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(Toronto Star)   Nigerian prince scam works. Fark: Scammer was really Nigerian. Bonus: Victims were all lawyers   (thestar.com) divider line 63
    More: Stupid, Nigerians, Nigerian prince, legal assistance, ringleaders, U.S. Attorney  
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8893 clicks; posted to Main » on 16 Mar 2013 at 8:46 PM (1 year ago)   |  Favorite    |   share:  Share on Twitter share via Email Share on Facebook   more»



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2013-03-16 08:10:11 PM
"Some law firms are pursuing legal action against banks that cleared the phony checks."

They are going to sue the banks because the lawyers failed to do due diligence and because they failed to wait until the checks cleared before remitting funds to their clients.

Of course they are.
 
ZAZ [TotalFark]
2013-03-16 08:17:18 PM
Once the lawyers cashed the bogus cheques they would take a cut for their legal fee and wire the remaining funds to the fraudster overseas, usually to Asia.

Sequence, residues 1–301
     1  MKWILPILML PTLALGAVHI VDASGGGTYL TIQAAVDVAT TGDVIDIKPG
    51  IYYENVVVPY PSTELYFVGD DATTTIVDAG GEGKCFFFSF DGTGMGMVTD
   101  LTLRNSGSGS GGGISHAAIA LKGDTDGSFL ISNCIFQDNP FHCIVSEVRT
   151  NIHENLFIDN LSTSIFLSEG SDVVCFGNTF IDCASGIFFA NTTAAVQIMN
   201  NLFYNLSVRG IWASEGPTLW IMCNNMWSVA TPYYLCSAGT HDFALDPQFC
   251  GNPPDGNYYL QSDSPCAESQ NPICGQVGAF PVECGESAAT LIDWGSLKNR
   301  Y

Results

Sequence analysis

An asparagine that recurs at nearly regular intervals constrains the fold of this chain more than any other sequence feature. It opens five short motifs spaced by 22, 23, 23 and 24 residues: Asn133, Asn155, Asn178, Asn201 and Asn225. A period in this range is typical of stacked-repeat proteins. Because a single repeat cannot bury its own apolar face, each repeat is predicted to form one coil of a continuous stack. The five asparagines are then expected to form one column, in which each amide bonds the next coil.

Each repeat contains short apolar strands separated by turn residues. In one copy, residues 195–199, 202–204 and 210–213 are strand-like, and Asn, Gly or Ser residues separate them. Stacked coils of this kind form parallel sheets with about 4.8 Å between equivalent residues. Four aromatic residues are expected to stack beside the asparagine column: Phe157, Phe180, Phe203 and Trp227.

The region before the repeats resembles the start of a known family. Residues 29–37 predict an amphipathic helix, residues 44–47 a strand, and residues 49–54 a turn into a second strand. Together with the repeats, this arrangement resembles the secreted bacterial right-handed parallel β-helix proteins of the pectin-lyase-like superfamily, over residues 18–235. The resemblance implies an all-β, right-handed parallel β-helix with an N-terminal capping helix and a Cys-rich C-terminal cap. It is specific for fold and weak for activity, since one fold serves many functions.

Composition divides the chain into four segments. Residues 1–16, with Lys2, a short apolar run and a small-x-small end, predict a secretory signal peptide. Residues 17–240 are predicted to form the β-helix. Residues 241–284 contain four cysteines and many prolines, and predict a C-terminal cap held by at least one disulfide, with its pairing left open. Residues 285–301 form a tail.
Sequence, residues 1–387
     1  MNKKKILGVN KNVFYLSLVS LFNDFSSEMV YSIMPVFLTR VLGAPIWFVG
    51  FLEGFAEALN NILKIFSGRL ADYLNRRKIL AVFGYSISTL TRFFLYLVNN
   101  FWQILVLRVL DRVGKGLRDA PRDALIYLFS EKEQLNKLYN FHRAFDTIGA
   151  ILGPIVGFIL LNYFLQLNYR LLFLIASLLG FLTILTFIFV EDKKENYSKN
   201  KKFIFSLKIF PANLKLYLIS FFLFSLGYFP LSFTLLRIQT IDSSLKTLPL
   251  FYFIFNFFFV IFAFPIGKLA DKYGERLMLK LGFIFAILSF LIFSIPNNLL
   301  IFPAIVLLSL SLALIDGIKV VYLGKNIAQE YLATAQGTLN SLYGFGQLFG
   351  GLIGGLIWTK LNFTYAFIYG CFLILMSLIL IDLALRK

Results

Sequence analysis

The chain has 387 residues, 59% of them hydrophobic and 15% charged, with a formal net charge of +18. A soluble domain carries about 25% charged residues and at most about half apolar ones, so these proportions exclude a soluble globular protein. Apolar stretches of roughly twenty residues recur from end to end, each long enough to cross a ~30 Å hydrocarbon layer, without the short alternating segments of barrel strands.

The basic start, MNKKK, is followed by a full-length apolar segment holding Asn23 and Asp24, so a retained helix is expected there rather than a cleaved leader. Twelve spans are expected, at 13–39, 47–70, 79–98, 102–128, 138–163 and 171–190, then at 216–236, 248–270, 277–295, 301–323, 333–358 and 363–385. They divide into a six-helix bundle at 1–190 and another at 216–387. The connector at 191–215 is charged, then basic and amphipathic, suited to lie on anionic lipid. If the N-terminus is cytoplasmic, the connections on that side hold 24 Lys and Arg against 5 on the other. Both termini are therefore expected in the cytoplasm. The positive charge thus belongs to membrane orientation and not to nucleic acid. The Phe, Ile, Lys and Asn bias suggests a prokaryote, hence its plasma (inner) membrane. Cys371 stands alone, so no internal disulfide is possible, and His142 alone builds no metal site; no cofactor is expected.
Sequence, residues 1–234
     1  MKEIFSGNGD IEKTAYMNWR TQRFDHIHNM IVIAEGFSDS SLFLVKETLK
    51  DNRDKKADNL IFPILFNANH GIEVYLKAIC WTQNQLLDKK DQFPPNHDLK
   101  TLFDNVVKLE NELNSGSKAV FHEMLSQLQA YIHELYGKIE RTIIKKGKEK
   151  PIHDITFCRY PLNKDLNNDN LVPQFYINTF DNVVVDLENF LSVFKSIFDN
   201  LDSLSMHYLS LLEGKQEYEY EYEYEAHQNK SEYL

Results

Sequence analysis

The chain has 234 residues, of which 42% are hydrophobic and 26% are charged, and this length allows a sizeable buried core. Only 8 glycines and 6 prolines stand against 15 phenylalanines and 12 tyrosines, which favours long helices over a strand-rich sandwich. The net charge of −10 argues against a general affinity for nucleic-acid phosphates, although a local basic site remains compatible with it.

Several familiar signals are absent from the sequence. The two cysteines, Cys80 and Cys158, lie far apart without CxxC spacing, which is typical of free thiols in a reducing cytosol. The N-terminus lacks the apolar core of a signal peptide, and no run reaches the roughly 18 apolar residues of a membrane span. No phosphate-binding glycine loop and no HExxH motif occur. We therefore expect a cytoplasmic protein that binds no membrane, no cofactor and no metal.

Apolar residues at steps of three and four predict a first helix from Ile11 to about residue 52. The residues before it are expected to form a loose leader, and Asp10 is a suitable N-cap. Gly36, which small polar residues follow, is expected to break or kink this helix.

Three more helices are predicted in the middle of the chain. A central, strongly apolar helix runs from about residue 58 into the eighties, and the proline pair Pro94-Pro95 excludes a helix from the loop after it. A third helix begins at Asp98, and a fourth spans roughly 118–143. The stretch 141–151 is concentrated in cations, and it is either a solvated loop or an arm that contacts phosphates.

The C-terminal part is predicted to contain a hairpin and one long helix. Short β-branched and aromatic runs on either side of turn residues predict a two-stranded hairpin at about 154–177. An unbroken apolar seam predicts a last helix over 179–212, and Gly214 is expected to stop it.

Some guy achieved internet fame by converting a fake promotional check into five figures worth of cash. His story mentions a hard time limit after which a bank can no longer dishonor a check. He deposited the fake check, waited that time, moved the money into a safe deposit box, and the bank was screwed because the check didn't bounce until too late. http://patrickcombs.com/95g/.

Perhaps the lawyers should have read that story.
 
2013-03-16 08:53:35 PM

feckingmorons: "Some law firms are pursuing legal action against banks that cleared the phony checks."